Vincent Van Gogh is regarded as one of the premiere post-impressionist painters of the 19th century. His works are high-value, and have been the target of several prominent art heists. Of particular interest are his iconic paintings of sunflowers. One such painting was stolen from Amsterdam’s Vincent Van Gogh Museum on April 14, 1991. Sunflowers (and nineteen other works) were lifted from the museum in the early morning by gunman who concealed themselves in the gallery the previous evening. The two thieves took the security guards hostage and forced them to turn off the alarm system. They spent forty-five minutes selecting which paintings to remove before escaping with the artwork stashed in garment bags. The heist ultimately failed. The paintings were recovered from an abandoned parked car thirty five minutes after they were stolen. Three works were badly damaged, but were restored. The 1991 theft was the largest art theft to occur in the Netherlands since World War II.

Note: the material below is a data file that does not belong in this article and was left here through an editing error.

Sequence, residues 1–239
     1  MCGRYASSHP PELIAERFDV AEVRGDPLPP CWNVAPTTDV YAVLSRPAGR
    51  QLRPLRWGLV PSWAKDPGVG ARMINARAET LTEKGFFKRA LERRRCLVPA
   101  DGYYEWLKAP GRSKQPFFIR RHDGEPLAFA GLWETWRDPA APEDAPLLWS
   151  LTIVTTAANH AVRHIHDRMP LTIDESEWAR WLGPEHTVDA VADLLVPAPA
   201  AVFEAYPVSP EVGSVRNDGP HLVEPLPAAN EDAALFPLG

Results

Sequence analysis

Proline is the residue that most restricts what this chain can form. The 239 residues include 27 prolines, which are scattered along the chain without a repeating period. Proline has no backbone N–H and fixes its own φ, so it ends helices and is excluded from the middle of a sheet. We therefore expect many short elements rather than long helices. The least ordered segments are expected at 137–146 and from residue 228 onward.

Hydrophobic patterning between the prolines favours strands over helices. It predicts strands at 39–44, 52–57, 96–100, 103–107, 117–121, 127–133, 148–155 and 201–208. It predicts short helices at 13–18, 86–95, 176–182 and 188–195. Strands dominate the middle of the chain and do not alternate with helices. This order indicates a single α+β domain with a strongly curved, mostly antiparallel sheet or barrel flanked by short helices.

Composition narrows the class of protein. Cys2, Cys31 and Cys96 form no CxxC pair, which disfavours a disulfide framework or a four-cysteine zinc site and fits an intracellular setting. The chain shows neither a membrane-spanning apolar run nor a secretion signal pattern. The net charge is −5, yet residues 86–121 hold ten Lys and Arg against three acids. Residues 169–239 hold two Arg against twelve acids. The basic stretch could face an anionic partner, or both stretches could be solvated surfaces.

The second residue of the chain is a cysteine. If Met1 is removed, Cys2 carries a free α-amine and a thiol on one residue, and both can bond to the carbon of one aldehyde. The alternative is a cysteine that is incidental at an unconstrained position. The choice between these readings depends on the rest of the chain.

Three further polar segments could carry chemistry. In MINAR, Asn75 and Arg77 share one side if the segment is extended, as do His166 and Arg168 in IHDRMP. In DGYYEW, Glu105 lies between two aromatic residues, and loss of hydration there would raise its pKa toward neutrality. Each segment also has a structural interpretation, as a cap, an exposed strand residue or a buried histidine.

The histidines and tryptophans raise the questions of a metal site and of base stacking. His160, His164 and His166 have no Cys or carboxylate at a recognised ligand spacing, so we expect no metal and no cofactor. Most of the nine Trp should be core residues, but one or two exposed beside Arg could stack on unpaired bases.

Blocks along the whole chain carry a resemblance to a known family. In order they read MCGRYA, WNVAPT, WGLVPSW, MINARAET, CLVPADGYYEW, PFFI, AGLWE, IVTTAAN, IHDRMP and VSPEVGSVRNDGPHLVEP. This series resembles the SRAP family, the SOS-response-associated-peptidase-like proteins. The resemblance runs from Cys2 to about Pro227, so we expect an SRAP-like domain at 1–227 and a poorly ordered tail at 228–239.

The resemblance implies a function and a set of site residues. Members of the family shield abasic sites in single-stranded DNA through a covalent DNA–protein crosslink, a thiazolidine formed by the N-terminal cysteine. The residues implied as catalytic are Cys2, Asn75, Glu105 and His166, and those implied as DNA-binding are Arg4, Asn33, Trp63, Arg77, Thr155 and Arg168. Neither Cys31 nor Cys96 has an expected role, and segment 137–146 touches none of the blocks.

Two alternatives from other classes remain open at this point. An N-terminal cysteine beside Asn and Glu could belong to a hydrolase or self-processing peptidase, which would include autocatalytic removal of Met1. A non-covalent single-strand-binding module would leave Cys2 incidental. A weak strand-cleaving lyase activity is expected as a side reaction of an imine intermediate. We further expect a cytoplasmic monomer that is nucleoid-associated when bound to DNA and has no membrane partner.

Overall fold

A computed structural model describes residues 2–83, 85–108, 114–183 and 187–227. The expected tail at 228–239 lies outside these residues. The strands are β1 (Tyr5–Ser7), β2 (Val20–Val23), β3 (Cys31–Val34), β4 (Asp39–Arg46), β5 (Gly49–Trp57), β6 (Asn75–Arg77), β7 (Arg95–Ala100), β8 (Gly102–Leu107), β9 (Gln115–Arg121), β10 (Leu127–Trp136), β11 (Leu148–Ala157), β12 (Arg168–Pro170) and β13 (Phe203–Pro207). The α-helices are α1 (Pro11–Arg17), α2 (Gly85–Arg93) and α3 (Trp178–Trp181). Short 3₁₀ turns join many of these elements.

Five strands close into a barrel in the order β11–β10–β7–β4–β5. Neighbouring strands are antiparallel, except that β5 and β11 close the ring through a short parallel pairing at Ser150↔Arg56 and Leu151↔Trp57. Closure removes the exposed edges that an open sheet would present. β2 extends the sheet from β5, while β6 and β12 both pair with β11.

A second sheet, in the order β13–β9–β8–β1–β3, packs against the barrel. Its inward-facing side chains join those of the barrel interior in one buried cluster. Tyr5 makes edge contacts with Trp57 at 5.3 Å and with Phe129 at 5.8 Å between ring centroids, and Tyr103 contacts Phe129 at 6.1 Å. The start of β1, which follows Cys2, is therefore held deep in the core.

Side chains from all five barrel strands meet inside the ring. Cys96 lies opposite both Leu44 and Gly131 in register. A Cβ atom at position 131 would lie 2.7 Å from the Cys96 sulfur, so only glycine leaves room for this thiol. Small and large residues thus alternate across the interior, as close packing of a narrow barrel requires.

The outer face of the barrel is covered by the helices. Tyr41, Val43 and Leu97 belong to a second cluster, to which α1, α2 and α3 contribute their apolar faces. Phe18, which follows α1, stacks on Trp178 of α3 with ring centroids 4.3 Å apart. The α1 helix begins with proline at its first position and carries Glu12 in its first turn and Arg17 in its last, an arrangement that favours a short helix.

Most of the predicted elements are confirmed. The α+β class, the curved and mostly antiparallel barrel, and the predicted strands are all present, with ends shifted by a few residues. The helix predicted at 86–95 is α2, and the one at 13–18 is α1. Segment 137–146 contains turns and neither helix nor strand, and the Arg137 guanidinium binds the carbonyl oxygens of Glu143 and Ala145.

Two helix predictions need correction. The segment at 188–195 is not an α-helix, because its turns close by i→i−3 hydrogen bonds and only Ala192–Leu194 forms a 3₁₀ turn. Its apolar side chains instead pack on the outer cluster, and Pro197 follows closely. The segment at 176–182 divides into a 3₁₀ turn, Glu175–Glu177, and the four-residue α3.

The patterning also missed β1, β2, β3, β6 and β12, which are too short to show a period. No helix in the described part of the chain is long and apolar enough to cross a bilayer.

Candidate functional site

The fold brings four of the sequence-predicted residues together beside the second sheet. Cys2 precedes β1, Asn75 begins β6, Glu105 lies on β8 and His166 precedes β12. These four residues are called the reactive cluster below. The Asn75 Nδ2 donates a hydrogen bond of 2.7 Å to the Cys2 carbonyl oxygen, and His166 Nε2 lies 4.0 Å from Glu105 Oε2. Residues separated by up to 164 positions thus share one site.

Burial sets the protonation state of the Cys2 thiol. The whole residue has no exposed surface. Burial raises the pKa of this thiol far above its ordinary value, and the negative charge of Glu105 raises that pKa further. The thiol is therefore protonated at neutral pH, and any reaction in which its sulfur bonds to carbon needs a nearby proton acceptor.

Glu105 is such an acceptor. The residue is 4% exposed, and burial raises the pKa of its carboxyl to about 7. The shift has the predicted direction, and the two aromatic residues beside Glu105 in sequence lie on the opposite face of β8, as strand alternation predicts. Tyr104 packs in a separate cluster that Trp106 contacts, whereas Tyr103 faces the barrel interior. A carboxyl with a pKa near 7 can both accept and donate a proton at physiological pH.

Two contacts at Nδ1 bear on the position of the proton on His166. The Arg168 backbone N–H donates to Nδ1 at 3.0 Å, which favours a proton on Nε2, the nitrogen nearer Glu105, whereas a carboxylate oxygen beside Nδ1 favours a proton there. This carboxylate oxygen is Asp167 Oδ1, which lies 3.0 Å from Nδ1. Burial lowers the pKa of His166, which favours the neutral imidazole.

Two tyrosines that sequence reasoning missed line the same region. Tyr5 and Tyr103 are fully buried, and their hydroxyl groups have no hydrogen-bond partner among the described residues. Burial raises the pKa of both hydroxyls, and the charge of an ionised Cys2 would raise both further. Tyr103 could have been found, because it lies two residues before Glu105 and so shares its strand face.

11 years later, in December of 2002, there was another art heist at the Van Gogh Museum. Two thieves climbed up to the roof of the museum using a ladder, and broke into the building. The pair stole two paintings, View of the Sea at Scheveningen and Congregation Leaving the Reformed Church in Nuenen, both by Van Gogh.
A wealth of evidence was left at the crime scene, including a ladder, cloth, rope, cap and hat. Forensic analysis allowed the thieves to be apprehended. Octave Durham, a known art thief, and accomplice Henk B, were arrested in December 2003. They each served four years of jail time for the theft.
The stolen paintings were never recovered and have an estimated value of $30 million. It’s possible that they are being smuggled through the black market as currency, or are now held in a private collection. Alternatively they could have been hidden by the thieves in an unknown location. The FBI still recognizes the 2002 theft on their list of the top ten art crimes, and is accepting any leads on the paintings whereabouts